“The regulatory approach governing the financial system lacks coherent design and is disabling the flow of credit”, according to research by Allen & Overy.
In a report published today, the international law firm responds to expectations that the Financial Stability Board (FSB) will strengthen the oversight and regulation of alternative providers of credit.
And the firm argues that the FSB’s proposed policy framework raises serious questions about whether non-bank credit will be able to fill the funding gap left by banks.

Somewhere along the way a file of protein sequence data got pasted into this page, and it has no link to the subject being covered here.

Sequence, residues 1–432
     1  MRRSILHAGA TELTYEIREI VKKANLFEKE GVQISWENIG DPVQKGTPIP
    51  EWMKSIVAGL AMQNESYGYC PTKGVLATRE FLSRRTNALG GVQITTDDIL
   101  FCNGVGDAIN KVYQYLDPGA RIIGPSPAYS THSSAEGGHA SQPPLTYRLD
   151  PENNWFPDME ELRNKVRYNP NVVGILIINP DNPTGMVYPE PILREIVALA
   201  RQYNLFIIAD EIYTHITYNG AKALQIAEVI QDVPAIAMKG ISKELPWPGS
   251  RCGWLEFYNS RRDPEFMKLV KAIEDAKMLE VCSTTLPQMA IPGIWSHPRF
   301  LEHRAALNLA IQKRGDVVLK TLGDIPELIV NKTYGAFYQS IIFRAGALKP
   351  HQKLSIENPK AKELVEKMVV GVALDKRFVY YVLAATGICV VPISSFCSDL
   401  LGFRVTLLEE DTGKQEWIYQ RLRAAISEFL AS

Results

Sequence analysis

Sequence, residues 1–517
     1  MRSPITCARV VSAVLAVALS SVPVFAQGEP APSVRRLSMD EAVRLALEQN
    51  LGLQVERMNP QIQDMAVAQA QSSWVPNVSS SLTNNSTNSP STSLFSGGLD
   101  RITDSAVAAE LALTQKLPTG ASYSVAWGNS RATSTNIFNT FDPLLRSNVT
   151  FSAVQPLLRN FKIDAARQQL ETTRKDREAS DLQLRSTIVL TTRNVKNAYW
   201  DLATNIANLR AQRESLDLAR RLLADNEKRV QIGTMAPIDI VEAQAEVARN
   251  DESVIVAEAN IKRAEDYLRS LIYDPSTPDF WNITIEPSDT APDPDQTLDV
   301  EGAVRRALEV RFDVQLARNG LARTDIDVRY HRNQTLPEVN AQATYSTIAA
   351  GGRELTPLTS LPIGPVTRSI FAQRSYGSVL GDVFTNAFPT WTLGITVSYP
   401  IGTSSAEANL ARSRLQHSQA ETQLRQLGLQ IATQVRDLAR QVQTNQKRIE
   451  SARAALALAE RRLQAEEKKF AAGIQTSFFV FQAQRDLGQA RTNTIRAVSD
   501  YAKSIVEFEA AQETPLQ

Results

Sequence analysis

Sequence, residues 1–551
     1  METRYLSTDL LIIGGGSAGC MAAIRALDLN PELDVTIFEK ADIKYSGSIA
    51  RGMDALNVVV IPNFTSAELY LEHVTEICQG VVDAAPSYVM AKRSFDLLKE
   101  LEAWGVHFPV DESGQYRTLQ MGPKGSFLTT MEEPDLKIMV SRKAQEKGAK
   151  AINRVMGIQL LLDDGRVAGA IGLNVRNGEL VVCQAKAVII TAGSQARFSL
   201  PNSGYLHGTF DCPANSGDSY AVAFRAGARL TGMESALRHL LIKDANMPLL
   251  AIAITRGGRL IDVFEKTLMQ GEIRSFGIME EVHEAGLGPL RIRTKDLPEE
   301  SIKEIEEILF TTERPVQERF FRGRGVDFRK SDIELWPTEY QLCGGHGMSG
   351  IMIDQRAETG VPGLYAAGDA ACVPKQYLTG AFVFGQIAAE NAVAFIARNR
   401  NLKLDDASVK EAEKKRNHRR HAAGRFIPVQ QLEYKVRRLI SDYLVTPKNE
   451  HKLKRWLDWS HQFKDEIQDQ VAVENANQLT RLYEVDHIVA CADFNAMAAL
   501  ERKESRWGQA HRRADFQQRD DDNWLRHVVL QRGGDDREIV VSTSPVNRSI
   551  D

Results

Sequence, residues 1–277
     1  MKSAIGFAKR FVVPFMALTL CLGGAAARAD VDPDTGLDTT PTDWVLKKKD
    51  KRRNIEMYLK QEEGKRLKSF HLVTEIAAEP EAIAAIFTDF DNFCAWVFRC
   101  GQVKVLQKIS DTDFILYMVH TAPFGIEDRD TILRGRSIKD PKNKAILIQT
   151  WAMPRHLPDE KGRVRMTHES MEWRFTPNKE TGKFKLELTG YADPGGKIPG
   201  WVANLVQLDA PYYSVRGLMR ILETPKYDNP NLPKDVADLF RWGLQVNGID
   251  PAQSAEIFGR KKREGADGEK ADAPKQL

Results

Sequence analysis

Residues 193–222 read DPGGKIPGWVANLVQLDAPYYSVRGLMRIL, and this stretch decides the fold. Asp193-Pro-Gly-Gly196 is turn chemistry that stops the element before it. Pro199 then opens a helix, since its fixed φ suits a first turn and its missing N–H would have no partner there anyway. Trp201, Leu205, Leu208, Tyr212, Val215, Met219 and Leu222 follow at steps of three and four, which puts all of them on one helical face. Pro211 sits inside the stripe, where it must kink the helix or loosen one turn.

It suggest that this is especially troubling when the FSB’s own figures show that banks are the only institutions to have increased their share of financial assets in the past five years (up $26.6 trillion since 2007) but lending levels remain constrained.
The study also highlights the dangers of the FSB ignoring the fact that different participants in the financial markets pose differential degrees of systemic risk, and may not merit any intervention at all.
The report states: “Set against a back drop of the vast array of financial regulation already working its way through the system, which is expected to run to 60,000 pages of new bank regulations in the EU alone, Allen & Overy believes it will take years to clarify exactly what the growing number of regulations mean, creating confusion and uncertainty in the market and bringing with it a prolonged period of credit paralysis.”